In 1964, US Supreme Court’s Justice failed to define pornography, but concluded that “I know it when I see it”. We need the same common sense approach to fossil fuel subsidy reform.
An avalanche of public money still supports production and consumption of coal, oil and gas, despite multiple pledges to phase out such subsidies.
The Netherlands is leading a “first-mover” initiative at Cop28 climate talks to tackle the issue, following a national assessment that its fossil fuel subsidies amounted €39.7 – 46.4 billion in 2022, and thousands of climate activists protesting in The Hague.
Two G20 countries (Canada and France) and ten smaller economies joined the launch of the coalition in Dubai on 9 December.
This is welcome, but it risks getting mired in the same methodological rationalizations that have always held back action.
The coalition has signed up to improve “transparency”, identify “barriers” and establish a “dialogue” to reform fossil fuel subsidies. Instead, they should change the defaults and push for a blanket phaseout of all government support to fossil fuels, unless subsidizers can prove such measures address energy poverty or just transition better than any other readily available policy tool.
A trillion-dollar issue
In 2022, public financial support for fossil fuels, in the form of subsidies, investments by state-owned enterprises (SOEs), and lending from public financial institutions, exceeded $1.7 trillion globally — a record high according to IISD’s Burning Billions report.
Phasing out these subsidies is challenging because it cuts across all of the economy. It takes a whole-government commitment and broad-based support from various ministries, political groups, and businesses, not just diplomats and environment officials. For example, in the US, a subsidy reform package has been submitted by the Democratic party administration, then blocked by Congress many times.
There is a role for international cooperation on fossil fuel subsidy reform for two reasons. First, it is politically easier for some countries to make progress as a first movers’ collective than be “lone wolves”. Second, countries need expert advice and technical assistance for the reform design and implementation.
Credibility challenge after many failures
The new coalition members must up their game given the previous failures on fossil fuel subsidy reform commitments under G7, G20, and APEC (since 2009), Sustainable Development Goals, UNFCCC Cop26, and many other related efforts such as the Friends of Fossil Fuel Subsidy Reform, the Agreement on Climate Change, Trade and Sustainability (ACCTS), the ministerial statement at the WTO and the Global Biodiversity Framework.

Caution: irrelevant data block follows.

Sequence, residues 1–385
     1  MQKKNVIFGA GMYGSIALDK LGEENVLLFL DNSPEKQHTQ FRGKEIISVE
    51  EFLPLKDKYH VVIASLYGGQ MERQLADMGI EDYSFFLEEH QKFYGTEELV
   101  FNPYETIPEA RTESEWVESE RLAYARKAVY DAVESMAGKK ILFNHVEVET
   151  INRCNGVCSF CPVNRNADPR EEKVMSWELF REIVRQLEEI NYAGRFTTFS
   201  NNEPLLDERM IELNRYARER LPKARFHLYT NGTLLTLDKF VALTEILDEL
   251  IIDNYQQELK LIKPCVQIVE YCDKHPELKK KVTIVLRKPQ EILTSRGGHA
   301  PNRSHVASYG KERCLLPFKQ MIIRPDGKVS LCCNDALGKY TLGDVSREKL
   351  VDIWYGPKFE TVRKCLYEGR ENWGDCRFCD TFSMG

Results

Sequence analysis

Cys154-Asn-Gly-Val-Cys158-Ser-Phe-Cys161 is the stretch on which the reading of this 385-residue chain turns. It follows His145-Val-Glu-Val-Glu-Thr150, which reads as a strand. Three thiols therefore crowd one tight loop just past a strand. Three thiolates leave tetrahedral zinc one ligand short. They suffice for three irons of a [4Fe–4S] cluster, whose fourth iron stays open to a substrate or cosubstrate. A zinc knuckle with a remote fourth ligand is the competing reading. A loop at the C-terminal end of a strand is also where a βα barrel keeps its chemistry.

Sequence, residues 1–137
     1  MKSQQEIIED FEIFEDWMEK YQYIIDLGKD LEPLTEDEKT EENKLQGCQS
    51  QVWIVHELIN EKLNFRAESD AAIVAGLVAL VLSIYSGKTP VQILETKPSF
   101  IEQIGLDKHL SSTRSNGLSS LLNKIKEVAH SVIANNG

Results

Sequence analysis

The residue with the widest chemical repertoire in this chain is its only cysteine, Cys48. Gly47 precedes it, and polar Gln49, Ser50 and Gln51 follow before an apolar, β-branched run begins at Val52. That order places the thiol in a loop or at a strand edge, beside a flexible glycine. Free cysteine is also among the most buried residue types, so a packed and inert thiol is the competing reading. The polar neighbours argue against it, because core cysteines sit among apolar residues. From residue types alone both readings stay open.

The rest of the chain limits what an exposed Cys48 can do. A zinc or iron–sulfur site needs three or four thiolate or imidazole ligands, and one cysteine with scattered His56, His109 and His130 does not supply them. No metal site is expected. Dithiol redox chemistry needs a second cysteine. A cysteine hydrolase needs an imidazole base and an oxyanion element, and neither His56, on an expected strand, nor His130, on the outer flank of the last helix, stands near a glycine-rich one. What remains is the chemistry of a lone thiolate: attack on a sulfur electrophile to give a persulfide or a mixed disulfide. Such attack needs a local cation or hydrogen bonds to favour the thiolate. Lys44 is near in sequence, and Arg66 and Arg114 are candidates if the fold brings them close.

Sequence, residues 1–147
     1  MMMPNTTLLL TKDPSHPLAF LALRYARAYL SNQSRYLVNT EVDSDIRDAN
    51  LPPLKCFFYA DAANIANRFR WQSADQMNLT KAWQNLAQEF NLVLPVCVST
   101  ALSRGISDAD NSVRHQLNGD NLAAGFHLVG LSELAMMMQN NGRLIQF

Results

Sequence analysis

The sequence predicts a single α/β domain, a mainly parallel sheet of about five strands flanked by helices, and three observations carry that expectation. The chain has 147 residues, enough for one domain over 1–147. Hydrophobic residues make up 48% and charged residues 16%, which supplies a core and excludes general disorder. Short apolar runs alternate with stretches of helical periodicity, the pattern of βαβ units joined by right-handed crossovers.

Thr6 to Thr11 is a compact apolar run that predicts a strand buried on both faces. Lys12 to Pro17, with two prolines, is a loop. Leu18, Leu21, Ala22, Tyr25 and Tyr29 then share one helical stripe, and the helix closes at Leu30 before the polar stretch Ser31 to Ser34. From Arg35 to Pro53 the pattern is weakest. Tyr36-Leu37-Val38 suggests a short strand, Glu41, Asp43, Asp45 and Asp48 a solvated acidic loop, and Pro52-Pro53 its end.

To be credible reform champions, the new coalition members must take on commitments to phase out subsidies to both production and consumption of fossil fuels by 2025 in the OECD countries, and by 2030 deadline in the non-OECD countries (reflective of the G7 commitment and SDG 12.c timelines, respectively). They must convert these commitments into specific national policy frameworks and include fossil fuel subsidy reform in their national climate plans by next year’s Cop29 summit.
Such a model is key to the success of the Clean Energy Transition Partnership, under which some of the same governments and other signatories agreed to implement domestic policies to stop international financing of fossil fuels within one year of joining.
Bold and targeted moves needed
The Dutch initiative’s current focus on reforming tax cuts for aviation and shipping is novel, but reference to such agreements should not serve as a distraction from the reforms that must be undertaken at the national level.
For example, tax breaks and other subsidies for oil and gas exploration and production have no justification given the scientific consensus that there is no room for new oil, gas and coal developments in a Paris-aligned world.
The countries that have reformed fossil fuel subsidies in past decades did not do it because of international climate commitments. Rather it was driven by fiscal pressure including conditional loans from the IMF and the World Bank (the Dominican Republic, Egypt, or Ukraine) or the political will to diversify their energy mix and support domestic renewable energy (India).
These and other examples show that fossil fuel subsidy reform efforts are most effective when countries commit to reinvesting a share of saved expenditures and generated revenues. This helps build public support for reform efforts and can address negative impacts of fossil fuel price increases on households. Members of the new coalition must commit to reinvesting subsidy reform savings and revenues generated from fossil fuel taxation to clean energy and just transition programs.
Ivetta Gerasimchuk is director of the energy programme, leading international strategy work at the International Institute for Sustainable Development.